Seismic shock waves rattled the New York newsroom of Al Jazeera America Monday when an Egyptian judge sporting dark aviator shades rendered a decision worthy of Alice in Wonderland, in which the Queen of Hearts famously insisted, “Sentence first—verdict afterwards!”
The nasty surprise: Australian Peter Greste, Canadian Mohamed Fahmy and Egyptian Baher Mohammad—three journalists working for Al Jazeera English, AJAM’s sister network—received sentences ranging from seven to ten years on trumped-up charges of collaborating with the Muslim Brotherhood.
“We consider Peter, Baher and Mohamed our brothers,” Al Jazeera America President Kate O’Brian told The Daily Beast, “and our folks in our newsroom were terribly saddened this morning by the news. Many have worked with the three of them and they feel it on a personal level as well. It’s a bad day for journalism and it’s a bad day for freedom of the press.”
AJAM chief executive officer Ehab Al Shihabi struck a defiant note. “This crisis will make us much stronger,” he told The Daily Beast. “We are more determined to launch a campaign in the United States and around the world for those who believe in freedom of the press…and we are very much determined to make the case that this is a crime against the media as a whole, not just a crime against Al Jazeera.”
Shihabi vowed that he will not rest until the Egyptian authorities release his three journalists from jail.
They have already spent more than six months in Cairo’s infamous Tora Prison, under wretched conditions, for the crime of doing their jobs. Mohammad was handed an extra three years for keeping a spent shell casing retrieved from a protest, on the bizarre theory that he possessed ammunition. But the prosecution’s case was so weakly presented, and so patently absurd, that supporters of the trio clung to the hope that even the Egyptian military dictatorship could not find them guilty.
Yet a visit Sunday by Secretary of State John Kerry to Egyptian dictator Abdel Fattah al-Sisi—during which Kerry (as he revealed during his press conference Monday) lectured the general about the value of “a free press” and “due process in a democracy”—couldn’t prevent the inevitable. Never mind that the United States gives Egypt billions of dollars in economic and military aid, and the Obama administration sent more than $570 million in security assistance this month alone and plans to provide 10 Apache attack helicopters to the oppressive Egyptian government.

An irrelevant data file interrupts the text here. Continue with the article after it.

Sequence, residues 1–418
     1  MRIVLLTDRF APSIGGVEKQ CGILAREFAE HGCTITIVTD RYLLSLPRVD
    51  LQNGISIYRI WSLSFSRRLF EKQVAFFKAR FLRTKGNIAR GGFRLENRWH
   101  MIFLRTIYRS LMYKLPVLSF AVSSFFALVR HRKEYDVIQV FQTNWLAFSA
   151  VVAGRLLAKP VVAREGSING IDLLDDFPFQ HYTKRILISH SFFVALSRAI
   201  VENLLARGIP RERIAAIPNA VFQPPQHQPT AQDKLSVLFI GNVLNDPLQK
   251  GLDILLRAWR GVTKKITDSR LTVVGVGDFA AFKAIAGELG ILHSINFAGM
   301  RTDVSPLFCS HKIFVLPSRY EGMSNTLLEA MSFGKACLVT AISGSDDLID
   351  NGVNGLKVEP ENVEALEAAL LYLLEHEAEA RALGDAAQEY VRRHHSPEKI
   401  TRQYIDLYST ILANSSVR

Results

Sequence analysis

“You can't help but doubt the veracity, independence and professionalism of the judiciary. This was not an act of justice but rather injustice.”
Egypt has long been a strategic ally of the United States in the Middle East and beyond, even during the brief administration of the Muslim Brotherhood’s Mohamad Morsi, Egypt’s first democratically elected president until a military coup forced him from office last year.
“It’s not our place to suggest to the United States what its relationship with Egypt should be,” said Amjad Atallah, regional director for the Americas for the Al Jazeera Media Network. “But I think there is tension between common interests and uncommon values. If you have common interests and the values conflict so directly and so obviously, how do you respond?”
Atallah, a former director of the Middle East task force at Washington’s New America Foundation think tank, said the current Egyptian regime is even more oppressive than Hosni Mubarak, who was tossed out of office—and thrown under the bus by President Obama—during the popular uprisings of the Arab Spring.
“All of Egypt’s allies in the West have made it absolutely clear to them what a travesty this trial has been,” Atallah said, “and the fact that the court didn’t take any of this into account, and never had any evidence, and still came down with the harshest sentences, is appalling.”
Atallah’s words about the verdict were echoed by British Prime Minister David Cameron, while Kerry called it “chilling and draconian.” Along with expressions of support from such media outlets as the BBC, the Associated Press and CNN International, AJAM chief executive Shihabi noted that the hashtag #FreeAJStaff has generated more than 750 million impressions on Twitter.
Egyptian-born journalist Ayman Mohyeldin, an Al Jazeera English alumnus who now works as a foreign correspondent for NBC News, emailed The Daily Beast: “For those of us who watched and followed the trial closely and saw the evidence presented, you can’t help but doubt the veracity, independence and professionalism of the judiciary. This was not an act of justice but rather injustice. I have known Mohammed Fahmy for years and the notion that he and the other journalists on trial were parts of a Muslim Brotherhood cell or motivated by any other purposes besides journalistic objectives is beyond silly. Today, Egypt’s judiciary has betrayed justice.”
During his on-camera appearances on Monday, Mohyeldin was wearing all black as a silent protest of the verdict.